Dry bags are great if you want to protect ensure you electronics are protected from the elements. They will protect your phone and any other electronics if it starts to rain or should your bag get wet for whatever reason. As a plus they take up little to no room and they’re cheap.

Best Dry Bags for Travel


Water Bladder

You should consume at least two liters a water a day while hiking in the mountains. This often means you either carry two bottles of water or purchase water when it’s available along the route.

The best way to carry enough water on your treks and to carry extra in case of emergencies is a water bladder. Most hiking backpacks and even daypacks designed for hiking have a sleeve for carrying your extra water. As a plus with the Grayl water bottle above you can filter the water and pour in to your bladder ensuring you stay hydrated and healthy.

Water Bladder


Self Supported Hiking Backpack — Osprey Atmos/Aura

This is a great pack for beginner hikes as it’s extremely comfortable on the trail. The suspension system in the bag is top of the line, I haven’t found a pack that fits better on my back. My largest complaint is it’s a rather odd shape, weight, and inability to stand up on its own due to the internal frame. However, it is rugged and carries heavy weight effortlessly. Backpacker Magazine even gave it the Editors choice for the best multiday backpack several times over.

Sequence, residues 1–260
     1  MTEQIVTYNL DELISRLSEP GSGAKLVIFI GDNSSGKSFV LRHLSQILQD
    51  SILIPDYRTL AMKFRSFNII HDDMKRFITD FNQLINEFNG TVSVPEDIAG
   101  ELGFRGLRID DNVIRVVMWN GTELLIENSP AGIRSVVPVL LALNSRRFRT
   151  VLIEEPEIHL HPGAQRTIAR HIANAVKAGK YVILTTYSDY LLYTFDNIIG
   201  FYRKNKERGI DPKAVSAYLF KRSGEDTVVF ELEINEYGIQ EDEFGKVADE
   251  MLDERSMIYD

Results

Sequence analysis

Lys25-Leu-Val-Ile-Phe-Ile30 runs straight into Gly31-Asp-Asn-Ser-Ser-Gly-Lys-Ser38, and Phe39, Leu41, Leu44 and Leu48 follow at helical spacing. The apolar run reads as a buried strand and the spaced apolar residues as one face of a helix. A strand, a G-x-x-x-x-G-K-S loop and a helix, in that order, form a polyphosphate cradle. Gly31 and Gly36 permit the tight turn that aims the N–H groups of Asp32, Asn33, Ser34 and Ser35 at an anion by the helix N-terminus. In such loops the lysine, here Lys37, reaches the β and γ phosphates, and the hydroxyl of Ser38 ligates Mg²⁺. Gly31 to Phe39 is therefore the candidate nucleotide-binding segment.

The major drawback to this pack is it does not really excel at anything any in 2019. There are far more backpacks purpose-built for city travel and ultralight packs built for those looking to head into the mountains on multi-day treks. However, it does a solid job at being comfortable and tackling the mountains so it’s a wonderful entry into multi-day hikes.

Weight: 4 lbs. 9 oz.
Fabric: Nylon (100D x 630D)
Capacities: 50, 65L
Pros: Amazing Suspension System. Strong Construction. Reliable.
Cons: Heavy, Awkward shape

Men’s on AmazonMen’s on Backcountry

Women’s on AmazonWomen’s on Backcountry


Supported Hiking Backpack

REI Tempest Daypack 35L - Packing List

 

If you have the benefit of a porter on a guided hiking tour like the Inca Trail you won’t need a large multiple day hiking backpack. You’re only responsible for your water, snacks, change of clothes, and daily essentials like a rain jacket or sunblock. This means you need a lot less space so a smaller backpack around 30-35L should be more than enough.